|Bradley Battin||Liberal Party||Gembrook|
|Gary Blackwood||Liberal Party||Narracan|
|Elizabeth Blandthorn||Australian Labor Party||Pascoe Vale|
|Timothy Bull||The Nationals||Gippsland East|
|Neale Burgess||Liberal Party||Hastings|
|Anthony Carbines||Australian Labor Party||Ivanhoe|
|Robert Clark||Liberal Party||Box Hill|
|Peter Crisp||The Nationals||Mildura|
|Martin Dixon||Liberal Party||Nepean|
|John Eren||Australian Labor Party||Lara|
|Christine Fyffe||Liberal Party||Evelyn|
|Michael Gidley||Liberal Party||Mount Waverley|
|Matthew Guy||Liberal Party||Bulleen|
|David Hodgett||Liberal Party||Croydon|
|Marlene Kairouz||Australian Labor Party||Kororoit|
|Andrew Katos||Liberal Party||South Barwon|
|Timothy McCurdy||The Nationals||Ovens Valley|
|Lucinda McLeish||Liberal Party||Eildon|
|James Merlino||Australian Labor Party||Monbulk|
|Russell Northe||The Nationals||Morwell|
|Daniel O'Brien||The Nationals||Gippsland South|
|Michael O'Brien||Liberal Party||Malvern|
|John Pesutto||Liberal Party||Hawthorn|
|Timothy Richardson||Australian Labor Party||Mordialloc|
|Richard Riordan||Liberal Party||Polwarth|
|Deanne Ryall||Liberal Party||Ringwood|
|Stephanie Ryan||The Nationals||Euroa|
|Ryan Smith||Liberal Party||Warrandyte|
|Timothy Smith||Liberal Party||Kew|
|David Southwick||Liberal Party||Caulfield|
|Natalie Suleyman||Australian Labor Party||St Albans|
|Murray Thompson||Liberal Party||Sandringham|
|William Tilley||Liberal Party||Benambra|
|Heidi Victoria||Liberal Party||Bayswater|
|Nicholas Wakeling||Liberal Party||Ferntree Gully|
|Peter Walsh||The Nationals||Murray Plains|
|Graham Watt||Liberal Party||Burwood|
|Kim Wells||Liberal Party||Rowville|
Legislative Council - YES
|Bruce Atkinson||Liberal Party||Eastern Metropolitan|
|Philip Dalidakis||Australian Labor Party||Southern Metropolitan|
|Samantha Dunn||Victorian Greens||Eastern Metropolitan|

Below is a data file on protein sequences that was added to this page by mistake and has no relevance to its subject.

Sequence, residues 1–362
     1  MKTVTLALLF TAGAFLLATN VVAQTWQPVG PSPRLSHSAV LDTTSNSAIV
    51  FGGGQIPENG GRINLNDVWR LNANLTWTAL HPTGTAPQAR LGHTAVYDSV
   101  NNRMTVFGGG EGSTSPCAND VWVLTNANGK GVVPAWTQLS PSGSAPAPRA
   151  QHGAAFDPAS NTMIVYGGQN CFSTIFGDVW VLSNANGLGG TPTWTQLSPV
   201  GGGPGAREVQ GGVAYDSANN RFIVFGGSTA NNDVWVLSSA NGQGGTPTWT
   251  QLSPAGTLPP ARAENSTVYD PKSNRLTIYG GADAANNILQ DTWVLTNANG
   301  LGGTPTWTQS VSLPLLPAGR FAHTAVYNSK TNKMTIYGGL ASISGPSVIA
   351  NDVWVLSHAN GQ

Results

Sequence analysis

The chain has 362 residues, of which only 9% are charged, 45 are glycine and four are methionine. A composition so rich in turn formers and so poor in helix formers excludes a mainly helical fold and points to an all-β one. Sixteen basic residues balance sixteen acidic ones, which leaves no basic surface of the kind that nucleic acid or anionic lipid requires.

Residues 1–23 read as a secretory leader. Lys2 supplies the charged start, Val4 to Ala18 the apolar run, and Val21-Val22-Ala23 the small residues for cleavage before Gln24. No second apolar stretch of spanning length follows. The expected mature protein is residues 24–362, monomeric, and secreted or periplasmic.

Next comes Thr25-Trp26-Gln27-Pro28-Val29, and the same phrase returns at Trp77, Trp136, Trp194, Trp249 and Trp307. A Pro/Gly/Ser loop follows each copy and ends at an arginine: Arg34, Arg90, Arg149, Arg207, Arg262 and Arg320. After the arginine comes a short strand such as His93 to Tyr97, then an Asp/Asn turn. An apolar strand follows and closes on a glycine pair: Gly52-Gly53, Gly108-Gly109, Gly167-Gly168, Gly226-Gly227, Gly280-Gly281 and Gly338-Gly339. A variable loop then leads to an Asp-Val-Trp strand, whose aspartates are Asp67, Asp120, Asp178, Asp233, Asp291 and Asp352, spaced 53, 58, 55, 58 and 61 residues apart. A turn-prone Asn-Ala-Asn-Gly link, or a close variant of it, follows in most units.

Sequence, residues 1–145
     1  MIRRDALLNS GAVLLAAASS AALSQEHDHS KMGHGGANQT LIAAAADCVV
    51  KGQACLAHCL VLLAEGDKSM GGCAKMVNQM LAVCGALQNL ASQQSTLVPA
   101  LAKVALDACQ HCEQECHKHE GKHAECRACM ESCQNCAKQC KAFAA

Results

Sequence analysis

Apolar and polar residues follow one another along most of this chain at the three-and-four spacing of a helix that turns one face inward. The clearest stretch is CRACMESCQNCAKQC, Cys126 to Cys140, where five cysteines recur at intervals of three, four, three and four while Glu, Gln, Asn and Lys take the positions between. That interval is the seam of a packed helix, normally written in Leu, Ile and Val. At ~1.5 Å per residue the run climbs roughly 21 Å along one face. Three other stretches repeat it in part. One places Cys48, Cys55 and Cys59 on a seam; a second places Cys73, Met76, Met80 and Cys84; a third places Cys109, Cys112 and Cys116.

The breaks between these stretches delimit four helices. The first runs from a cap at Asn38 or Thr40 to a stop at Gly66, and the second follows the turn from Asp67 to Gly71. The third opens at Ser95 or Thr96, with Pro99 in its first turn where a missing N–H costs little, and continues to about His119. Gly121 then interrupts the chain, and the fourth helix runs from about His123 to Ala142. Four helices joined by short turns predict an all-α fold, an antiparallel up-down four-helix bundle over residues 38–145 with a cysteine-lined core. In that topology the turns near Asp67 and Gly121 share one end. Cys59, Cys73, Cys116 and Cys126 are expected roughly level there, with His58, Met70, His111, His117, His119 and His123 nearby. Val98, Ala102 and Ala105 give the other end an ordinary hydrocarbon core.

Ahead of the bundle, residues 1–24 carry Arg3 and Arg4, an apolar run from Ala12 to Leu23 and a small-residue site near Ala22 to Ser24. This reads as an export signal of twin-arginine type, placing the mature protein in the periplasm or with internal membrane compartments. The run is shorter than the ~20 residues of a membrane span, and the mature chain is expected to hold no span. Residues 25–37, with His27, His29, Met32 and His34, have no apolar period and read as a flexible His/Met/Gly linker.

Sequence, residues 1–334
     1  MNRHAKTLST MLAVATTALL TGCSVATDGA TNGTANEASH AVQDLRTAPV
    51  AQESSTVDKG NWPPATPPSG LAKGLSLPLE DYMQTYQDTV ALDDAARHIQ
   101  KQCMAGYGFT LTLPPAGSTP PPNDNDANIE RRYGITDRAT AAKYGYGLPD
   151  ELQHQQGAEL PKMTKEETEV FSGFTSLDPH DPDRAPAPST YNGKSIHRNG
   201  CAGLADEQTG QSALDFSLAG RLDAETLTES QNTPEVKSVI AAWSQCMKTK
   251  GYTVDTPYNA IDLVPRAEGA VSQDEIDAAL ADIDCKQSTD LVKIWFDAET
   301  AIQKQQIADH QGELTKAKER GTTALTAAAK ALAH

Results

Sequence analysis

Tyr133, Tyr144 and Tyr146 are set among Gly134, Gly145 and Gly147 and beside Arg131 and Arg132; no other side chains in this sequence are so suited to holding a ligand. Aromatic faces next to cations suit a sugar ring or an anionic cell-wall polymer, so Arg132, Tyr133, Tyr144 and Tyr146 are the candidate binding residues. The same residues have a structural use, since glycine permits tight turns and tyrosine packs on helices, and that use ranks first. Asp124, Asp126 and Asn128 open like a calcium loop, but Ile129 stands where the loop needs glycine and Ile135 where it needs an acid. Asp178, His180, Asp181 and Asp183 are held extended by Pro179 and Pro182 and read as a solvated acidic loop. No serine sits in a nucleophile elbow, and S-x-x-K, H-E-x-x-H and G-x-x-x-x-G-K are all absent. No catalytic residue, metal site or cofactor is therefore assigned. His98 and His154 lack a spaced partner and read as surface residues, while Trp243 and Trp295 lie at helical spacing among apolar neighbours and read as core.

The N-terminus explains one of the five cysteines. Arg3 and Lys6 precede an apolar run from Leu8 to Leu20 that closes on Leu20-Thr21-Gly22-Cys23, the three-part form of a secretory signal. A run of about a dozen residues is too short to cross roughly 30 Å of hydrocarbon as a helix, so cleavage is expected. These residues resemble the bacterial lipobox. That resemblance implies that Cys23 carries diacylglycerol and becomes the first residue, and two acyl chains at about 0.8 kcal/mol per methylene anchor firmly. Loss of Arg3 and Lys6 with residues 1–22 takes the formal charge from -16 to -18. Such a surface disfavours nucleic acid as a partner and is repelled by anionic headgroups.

|Khalil Eideh||Australian Labor Party||Western Metropolitan|
|Mark Gepp||Australian Labor Party||Northern Victoria Regon|
|Colleen Hartland||Victorian Greens||Western Metropolitan|
|Gavin Jennings||Australian Labor Party||South-Eastern Metropolitan|
|Shaun Leane||Australian Labor Party||Eastern Metropolitan|
|Cesar Melham||Australian Labor Party||Western Metropolitan|
|Jenny Mikakos||Australian Labor Party||Northern Metropolitan|
|Edward O'Donohue||Liberal Party||Eastern Victoria|
|Fiona Patten||Australian Sex Party||Northern Metropolitan|
|Susan Pennicuik||Victorian Greens||Southern Metropolitan|
|Jaala Pulford||Australian Labor Party||Western Victoria|
|James Purcell||Vote 1 Local Jobs||Western Victoria|
|Simon Ramsay||Liberal Party||Western Victoria|
|Samantha Ratnam||Victorian Greens||Northern Metropolitan|
|Harriet Shing||Australian Labor Party||Eastern Victoria|
|Nina Springle||Victorian Greens||South-Eastern Metropolitan|
|Jaclyn Symes||Australian Labor Party||Northern Victoria|
|Gayle Tierney||Australian Labor Party||Western Victoria|
|Mary-Anne Wooldridge||Liberal Party||Eastern Metropolitan|
Legislative Council - NO
|Melina Bath||The Nationals||Eastern Victoria|
|Jeffrey Bourman||Shooters &Fishers Party||Eastern Victoria|
|Rachel Carling-Jenkins||Democratic Labour Party||Western Metropolitan|
|Georgina Crozier||Liberal Party||Southern Metropolitan|
|Richard Dalla-Riva||Liberal Party||Eastern Metropolitan|
|David Davis||Liberal Party||Southern Metropolitan|
|Nazih Elasmar||Australian Labor Party||Northern Metropolitan|
|Bernard Finn||Liberal Party||Western Metropolitan|
|Margaret Fitzherbert||Liberal Party||Southern Metropolitan|
|Wendy Lovell||Liberal Party||Northern Victoria|
|Joshua Morris||Liberal Party||Western Victoria|
|Daniel Mulino||Australian Labor Party||Eastern Victoria|
|Craig Ondarchie||Liberal Party||Northern Metropolitan|
|Luke O'Sullivan||The Nationals||Northern Victoria|
|Inga Peulich||Liberal Party||South-Eastern Metropolitan|
|Gordon Rich-Phillips||Liberal Party||South-Eastern Metropolitan|
|Adem Somyurek||Australian Labor Party||South-Eastern Metropolitan|
|Daniel Young||Shooters & Fishers Party||Northern Victoria|
Go Gentle Australia has welcomed the WA State Government's positive steps to help end dying patients' suffering via a Bill to legalise voluntary assisted dying.
Go Gentle Australia founder and director, Andrew Denton, said the appointment of an expert panel to guide the development of the Bill, chaired by former Governor and eminent QC, Malcolm McCusker, was a sensible move to ensure a compassionate law with strong safeguards.
“The panel, which includes representatives from the Australian Medical Association, palliative and aged care and WA’s disability communities, brings together the necessary experience to write a law so keenly sought by a majority of Western Australians,” Mr Denton said.